Auckland Council is taking a Kaukapakapa couple to the High Court after it was found liable to pay $515,000 compensation for a leaking house.

David and Karen Strickland sued the council, builder and others in the Weathertight Homes Tribunal. The house in question was built 11 years ago on a rural block at 51 Downer Access Rd north of Auckland.

They won, but David Heaney, QC, the council's lawyer, has appealed, leaving Mr Strickland worried how they will pay for their defence when the case hits court next year.

"We're on the bones of our arse. So far, it's cost us $200,000 [and] the cracks here are getting bigger," he said, describing numerous problems with the house, which the couple bought in 2006.


Council claims manager Sally Grey said that the appeal was necessary.

"Auckland Council and its insurer have appealed the tribunal decision to the High Court on eight grounds of fact and law. This type of litigation is complex and appeals can help clarify areas of law, including for future claims."

The tribunal heard how the house had serious structural defects which the Stricklands said would be resolved only by demolishing and rebuilding for $892,200.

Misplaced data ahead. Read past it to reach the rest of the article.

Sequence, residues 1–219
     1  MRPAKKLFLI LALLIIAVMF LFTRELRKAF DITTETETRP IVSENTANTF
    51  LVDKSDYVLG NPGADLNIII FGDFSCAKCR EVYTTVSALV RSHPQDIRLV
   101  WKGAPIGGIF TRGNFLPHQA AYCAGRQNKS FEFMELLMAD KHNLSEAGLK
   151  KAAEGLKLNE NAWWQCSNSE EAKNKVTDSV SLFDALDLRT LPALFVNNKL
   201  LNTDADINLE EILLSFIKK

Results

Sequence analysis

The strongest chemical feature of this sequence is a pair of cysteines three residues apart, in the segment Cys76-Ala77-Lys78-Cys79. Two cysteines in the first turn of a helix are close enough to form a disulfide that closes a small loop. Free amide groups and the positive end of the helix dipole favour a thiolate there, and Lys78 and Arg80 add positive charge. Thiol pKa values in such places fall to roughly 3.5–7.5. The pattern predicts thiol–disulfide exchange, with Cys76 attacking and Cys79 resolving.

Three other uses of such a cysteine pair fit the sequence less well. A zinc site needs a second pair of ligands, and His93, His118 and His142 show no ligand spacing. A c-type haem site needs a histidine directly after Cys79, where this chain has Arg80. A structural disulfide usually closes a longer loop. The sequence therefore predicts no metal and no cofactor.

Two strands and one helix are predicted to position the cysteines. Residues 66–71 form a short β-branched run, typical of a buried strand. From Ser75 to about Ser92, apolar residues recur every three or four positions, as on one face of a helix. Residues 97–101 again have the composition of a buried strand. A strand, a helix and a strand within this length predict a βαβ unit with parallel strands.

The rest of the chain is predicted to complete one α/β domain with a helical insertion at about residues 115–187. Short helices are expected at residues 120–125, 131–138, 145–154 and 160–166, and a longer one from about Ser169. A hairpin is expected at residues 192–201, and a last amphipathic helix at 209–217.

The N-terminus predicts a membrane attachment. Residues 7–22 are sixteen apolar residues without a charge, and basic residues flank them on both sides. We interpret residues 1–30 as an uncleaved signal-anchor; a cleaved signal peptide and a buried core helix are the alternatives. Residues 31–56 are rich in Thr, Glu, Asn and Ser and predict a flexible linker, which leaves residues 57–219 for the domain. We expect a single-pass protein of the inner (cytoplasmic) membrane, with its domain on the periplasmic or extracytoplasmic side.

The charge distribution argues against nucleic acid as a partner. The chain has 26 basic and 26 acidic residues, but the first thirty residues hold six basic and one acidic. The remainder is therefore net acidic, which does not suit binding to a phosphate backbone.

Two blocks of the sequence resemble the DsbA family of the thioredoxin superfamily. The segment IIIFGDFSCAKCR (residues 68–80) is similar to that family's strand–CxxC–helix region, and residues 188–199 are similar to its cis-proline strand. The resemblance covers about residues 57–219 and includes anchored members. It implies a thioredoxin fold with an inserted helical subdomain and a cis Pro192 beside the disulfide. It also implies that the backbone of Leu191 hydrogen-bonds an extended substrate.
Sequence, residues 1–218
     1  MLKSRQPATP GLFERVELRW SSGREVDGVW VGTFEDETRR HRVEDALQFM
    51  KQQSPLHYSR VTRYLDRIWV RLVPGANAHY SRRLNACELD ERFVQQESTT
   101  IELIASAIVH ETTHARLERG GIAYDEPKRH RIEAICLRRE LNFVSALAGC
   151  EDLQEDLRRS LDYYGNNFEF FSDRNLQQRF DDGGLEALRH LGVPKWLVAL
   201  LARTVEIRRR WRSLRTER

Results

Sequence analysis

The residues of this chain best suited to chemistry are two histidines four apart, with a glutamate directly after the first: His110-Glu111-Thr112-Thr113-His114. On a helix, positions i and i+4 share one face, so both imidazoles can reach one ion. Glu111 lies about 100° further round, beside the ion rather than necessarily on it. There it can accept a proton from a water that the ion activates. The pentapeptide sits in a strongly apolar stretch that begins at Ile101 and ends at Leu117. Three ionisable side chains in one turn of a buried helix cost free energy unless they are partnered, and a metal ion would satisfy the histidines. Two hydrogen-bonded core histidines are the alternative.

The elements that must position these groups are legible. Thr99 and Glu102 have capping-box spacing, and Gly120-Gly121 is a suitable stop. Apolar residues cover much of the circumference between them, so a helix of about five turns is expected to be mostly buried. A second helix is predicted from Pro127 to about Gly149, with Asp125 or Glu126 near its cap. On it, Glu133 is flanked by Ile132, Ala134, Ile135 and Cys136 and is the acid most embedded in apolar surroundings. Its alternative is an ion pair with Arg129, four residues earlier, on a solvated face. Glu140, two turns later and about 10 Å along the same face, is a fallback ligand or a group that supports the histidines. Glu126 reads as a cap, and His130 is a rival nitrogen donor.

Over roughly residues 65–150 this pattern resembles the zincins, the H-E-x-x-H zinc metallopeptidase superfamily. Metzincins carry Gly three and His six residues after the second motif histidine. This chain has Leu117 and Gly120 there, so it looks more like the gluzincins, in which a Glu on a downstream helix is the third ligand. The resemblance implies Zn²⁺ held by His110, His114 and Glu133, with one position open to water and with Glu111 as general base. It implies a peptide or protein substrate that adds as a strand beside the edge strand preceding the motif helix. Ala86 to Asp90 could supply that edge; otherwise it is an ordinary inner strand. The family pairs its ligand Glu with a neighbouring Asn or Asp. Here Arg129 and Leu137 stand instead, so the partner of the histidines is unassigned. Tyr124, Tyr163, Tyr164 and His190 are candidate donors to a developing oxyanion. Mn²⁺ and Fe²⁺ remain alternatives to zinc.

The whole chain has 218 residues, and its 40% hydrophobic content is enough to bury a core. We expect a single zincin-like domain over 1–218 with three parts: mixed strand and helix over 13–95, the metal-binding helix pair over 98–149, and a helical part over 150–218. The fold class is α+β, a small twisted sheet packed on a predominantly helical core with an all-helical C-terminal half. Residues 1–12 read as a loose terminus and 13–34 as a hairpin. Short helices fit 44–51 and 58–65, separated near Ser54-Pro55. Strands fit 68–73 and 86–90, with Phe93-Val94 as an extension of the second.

The house is built of aerated concrete blocks, has macrocarpa lintels which have sagged, lacks control joints and has roofing defects, yet a building report which the Stricklands read before buying flagged only minor issues and said the house was in generally good condition.

Andre Gaensicke was the builder, project manager and original owner and the tribunal said the council was entitled to recover $309,000 from him.

Mr Gaensicke was "a relatively inexperienced builder building his own home", the tribunal said, criticising the council for signing the place off and allowing deviations from consented plans.

In its defence, the council said it acted prudently and reasonably in inspecting and issuing consent, making 10 inspections.

When the Stricklands found the house leaked, they used sealant around windows, cracks and joinery and then had the entire house replastered, which the tribunal said went well beyond ongoing maintenance.